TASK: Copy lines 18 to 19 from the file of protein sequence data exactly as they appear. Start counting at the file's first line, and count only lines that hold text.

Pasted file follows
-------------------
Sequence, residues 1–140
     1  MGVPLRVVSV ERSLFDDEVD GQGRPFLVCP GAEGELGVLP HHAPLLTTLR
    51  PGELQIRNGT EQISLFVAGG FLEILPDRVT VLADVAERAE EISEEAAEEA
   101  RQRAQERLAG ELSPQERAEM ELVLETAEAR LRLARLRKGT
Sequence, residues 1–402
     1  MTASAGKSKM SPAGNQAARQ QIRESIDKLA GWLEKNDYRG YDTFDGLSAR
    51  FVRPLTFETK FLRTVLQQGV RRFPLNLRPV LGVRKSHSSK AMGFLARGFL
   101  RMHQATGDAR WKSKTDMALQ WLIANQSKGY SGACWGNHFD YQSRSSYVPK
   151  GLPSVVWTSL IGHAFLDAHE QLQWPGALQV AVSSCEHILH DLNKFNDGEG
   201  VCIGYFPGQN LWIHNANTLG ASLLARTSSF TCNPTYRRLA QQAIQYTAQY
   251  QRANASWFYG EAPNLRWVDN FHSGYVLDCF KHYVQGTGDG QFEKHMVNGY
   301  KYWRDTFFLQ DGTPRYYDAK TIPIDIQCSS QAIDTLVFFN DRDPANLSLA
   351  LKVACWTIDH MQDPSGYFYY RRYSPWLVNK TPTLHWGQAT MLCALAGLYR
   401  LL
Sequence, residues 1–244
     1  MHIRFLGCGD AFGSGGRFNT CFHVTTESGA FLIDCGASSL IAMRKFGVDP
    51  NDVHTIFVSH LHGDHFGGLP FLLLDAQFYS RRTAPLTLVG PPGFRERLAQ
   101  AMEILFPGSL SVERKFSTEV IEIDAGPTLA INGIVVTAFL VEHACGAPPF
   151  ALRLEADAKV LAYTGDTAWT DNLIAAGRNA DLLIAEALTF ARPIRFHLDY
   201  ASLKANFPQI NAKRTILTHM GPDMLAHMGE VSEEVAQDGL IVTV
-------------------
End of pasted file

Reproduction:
   101  AMEILFPGSL SVERKFSTEV IEIDAGPTLA INGIVVTAFL VEHACGAPPF
   151  ALRLEADAKV LAYTGDTAWT DNLIAAGRNA DLLIAEALTF ARPIRFHLDY